Mart Klein—Getty Images/Ikon Images
By Jacob Davidson
May 28, 2015

Last month, some editorial members of Gawker Media, owner of various web properties including Deadspin, Jezebel, Gizmodo, and of course, Gawker.com, announced they planned to form a union.

Now, with an election scheduled for next week that will decide whether the company will unionize, Gawker writers have made their votes and opinions on the plan public in a post published Thursday. The discussion offers a rare look at how wrenching labor organization can be. Some pro-union writers have been so turned off by the process that they’ve decided to cast their ballot against unionization efforts.

“I am an avid proponent of unions, a leftist, and am perpetually distrustful of those in power—especially those that hold sway over my own employment,” writes Deadspin staff member Kevin Draper. “Yet on June 3rd, I am going to vote against Gawker Media editorial staffers unionizing. That is how f— up this entire process, from start to apparent finish, has been.”

Draper goes on to list a set of grievances that turned him against unionization, including a perceived lack of communication and transparency from union supporters and an election the writer feels was scheduled too soon.

Those issues are echoed by a number of other staffers, including Deadspin columnist Drew Magary, who added that the push toward organization had turned many staffers against one another (“This has created a GALACTIC amount of acrimony within Gawker”). Magary also voiced concerns about the everyday implications of unionization (“I f***ing hate meetings.”). Stef Schrader, an editor for Jalopnik, questioned whether a raise that would include union dues could force the company to cut into other benefits. “I don’t agree that we need to pay an outside entity to negotiate these things for us,” posted Schrader.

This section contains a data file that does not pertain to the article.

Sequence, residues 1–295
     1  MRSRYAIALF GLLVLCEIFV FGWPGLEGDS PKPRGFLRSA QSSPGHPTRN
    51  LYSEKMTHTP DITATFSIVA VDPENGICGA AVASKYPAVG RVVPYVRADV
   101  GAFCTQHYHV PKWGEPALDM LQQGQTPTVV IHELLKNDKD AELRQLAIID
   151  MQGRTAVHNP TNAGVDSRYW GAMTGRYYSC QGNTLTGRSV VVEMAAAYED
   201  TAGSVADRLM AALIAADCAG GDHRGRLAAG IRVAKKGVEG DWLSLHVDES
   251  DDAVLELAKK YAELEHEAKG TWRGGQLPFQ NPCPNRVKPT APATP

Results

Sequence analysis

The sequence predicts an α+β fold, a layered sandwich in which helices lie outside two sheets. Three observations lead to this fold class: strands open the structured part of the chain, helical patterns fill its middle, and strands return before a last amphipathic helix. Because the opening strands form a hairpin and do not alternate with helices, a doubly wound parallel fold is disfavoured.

Most staff commenters appear to support unionization.

“I am voting yes on the union,” wrote Hamilton Nolan, Gawker’s longest-tenured writer and a major force behind the drive to organize. “This has been a truly ‘grass roots’ organizing process in the sense that we’ve been making it all up as we go along. There’s no doubt all the communication efforts have not been perfect. But I really, really hope that everyone will think about the big picture: a vote for this union is a vote for unity. It’s a vote to meld all of our interests together as one. And beyond the practical benefits for us, it’s a really important symbolic vote for our entire industry. It’s the first step of a movement that could end up helping a lot of people.”

If the pushback against organization by some writers comes as a surprise, it shouldn’t. Online media companies, despite being populated by many young city-dwellers who, as a demographic, tend to skew towards the left, have generally been reluctant to unionize. If Gawker does become a union shop, it would be the first major new media company to do so.

Why is the digital press so reluctant to band together? As the Washington Post explained in January, a combination of generational and economic forces tend to make unionization less palatable to online scribes. Younger workers are typically less familiar with unions and more apt to see themselves as personal brands instead of as part of a collective.

Another reason for web media’s union-phobia may just be that many journalists don’t feel they have it quite so hard. “They tend to think that because of their education and their talent, they don’t need [a union],” said Freddy Kunkle, the co-chair of The Washington Post’s Guild unit, in an interview with the Post. “What they’re doing is not coal mining: It’s not dangerous; it’s not dirty. What are they going to get out of it?”

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